private static void HtmlChanged(DependencyObject sender, DependencyPropertyChangedEventArgs e)
		{
			var typedSender = sender as WebData;
			if (typedSender == null)
				return;

			typedSender.SetFinalPanel();
		}

		private void SetInitalPanel()
		{
			if (SelectedPost.ID == PostId)
				return;

			if (!string.IsNullOrEmpty(SelectedPost.Content.Text))
				initialWebBrowser.NavigateToString(SelectedPost.Content.Text);

			PostText = SelectedPost.Content.Text;
			PostId = SelectedPost.ID;
		}

		private void SetFinalPanel()
		{
			if (!string.IsNullOrEmpty(PostText))
				finalWebBrowser.NavigateToString(PostText);

			SelectedPost.Content.Text = PostText;
		}
	}
}

Then based on certain values, you can do more complex stuff like change the background color or hide stuff.

In this project, if a post is marked “Clean”, the post item is green.  Also based on the post type, additional data will be shown.  Here is how I did that:

XAML:

<UserControl.Resources>
	<Controls:BoolToColorConverter x:Key="backgroundColorConverter" />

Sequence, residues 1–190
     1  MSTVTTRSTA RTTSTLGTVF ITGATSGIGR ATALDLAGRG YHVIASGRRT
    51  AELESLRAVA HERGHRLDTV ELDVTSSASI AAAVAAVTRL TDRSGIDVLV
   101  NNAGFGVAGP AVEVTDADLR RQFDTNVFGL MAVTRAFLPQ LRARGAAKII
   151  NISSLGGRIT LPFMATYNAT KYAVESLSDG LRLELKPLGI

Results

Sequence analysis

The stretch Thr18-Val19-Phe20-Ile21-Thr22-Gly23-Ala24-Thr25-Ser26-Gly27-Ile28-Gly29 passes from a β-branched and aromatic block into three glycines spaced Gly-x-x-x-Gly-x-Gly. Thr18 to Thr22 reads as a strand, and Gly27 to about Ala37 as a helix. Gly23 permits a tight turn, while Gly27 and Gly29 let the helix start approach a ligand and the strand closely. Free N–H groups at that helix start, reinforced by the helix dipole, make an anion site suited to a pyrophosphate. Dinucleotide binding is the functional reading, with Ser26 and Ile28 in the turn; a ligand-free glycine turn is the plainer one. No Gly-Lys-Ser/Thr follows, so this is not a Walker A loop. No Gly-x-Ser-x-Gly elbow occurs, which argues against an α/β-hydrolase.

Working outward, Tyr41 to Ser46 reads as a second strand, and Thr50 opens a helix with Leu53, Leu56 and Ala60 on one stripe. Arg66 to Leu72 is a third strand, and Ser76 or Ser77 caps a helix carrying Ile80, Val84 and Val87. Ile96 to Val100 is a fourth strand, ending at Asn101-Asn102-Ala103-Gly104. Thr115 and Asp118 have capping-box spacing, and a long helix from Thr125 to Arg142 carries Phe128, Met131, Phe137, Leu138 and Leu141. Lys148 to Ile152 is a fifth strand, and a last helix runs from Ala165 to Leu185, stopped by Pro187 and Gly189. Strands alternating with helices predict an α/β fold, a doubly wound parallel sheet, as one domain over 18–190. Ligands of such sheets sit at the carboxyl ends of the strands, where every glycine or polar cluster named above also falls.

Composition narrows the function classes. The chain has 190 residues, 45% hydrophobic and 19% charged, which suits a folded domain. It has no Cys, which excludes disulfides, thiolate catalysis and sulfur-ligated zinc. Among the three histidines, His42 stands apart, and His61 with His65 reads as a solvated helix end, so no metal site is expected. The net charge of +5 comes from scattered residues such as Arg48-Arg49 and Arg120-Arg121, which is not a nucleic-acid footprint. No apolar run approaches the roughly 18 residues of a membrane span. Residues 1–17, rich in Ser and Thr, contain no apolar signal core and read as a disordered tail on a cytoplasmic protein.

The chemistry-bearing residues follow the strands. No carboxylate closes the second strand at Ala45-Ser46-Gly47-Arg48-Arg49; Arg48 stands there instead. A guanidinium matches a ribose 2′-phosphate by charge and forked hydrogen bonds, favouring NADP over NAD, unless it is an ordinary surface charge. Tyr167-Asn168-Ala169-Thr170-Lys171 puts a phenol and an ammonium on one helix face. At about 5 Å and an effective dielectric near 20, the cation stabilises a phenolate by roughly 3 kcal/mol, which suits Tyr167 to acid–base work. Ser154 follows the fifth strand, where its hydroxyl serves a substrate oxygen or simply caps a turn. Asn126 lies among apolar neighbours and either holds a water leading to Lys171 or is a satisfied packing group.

</UserControl.Resources>
<StackPanel Background="{Binding Path=SelectedPost.IsDataCleaned, RelativeSource={RelativeSource AncestorType={x:Type Controls:ListPostItem}}, Converter={StaticResource backgroundColorConverter}}" >
	<!-- more stuff -->
</StackPanel>

CodeBehind:

[ValueConversion(typeof(bool), typeof(SolidColorBrush))]
public class BoolToColorConverter : IValueConverter
{
	public object Convert(object value, Type targetType, object parameter, CultureInfo culture)
	{
		return ((bool)value) ? new SolidColorBrush(Color.FromRgb(239, 255, 220)) : new SolidColorBrush(Color.FromRgb(255, 204, 204));
	}

	public object ConvertBack(object value, Type targetType, object parameter, CultureInfo culture)
	{
		throw new NotImplementedException();
	}
}

The more I play with XAML, the more I really do appreciate the power even though there were days were I did hate it.  Also after playing with VS 2010, I do think a lot of my learning issues were solved with additional intellisense features.

Eric Sep 25, 2013 @ 3:12 AM

# re: WPF, Silverlight, XAML, and Dependency Properties
It's difficult to control all the elements of the script using a simple interface. I prefer a complicated one, with more controls. Yours looks more effective.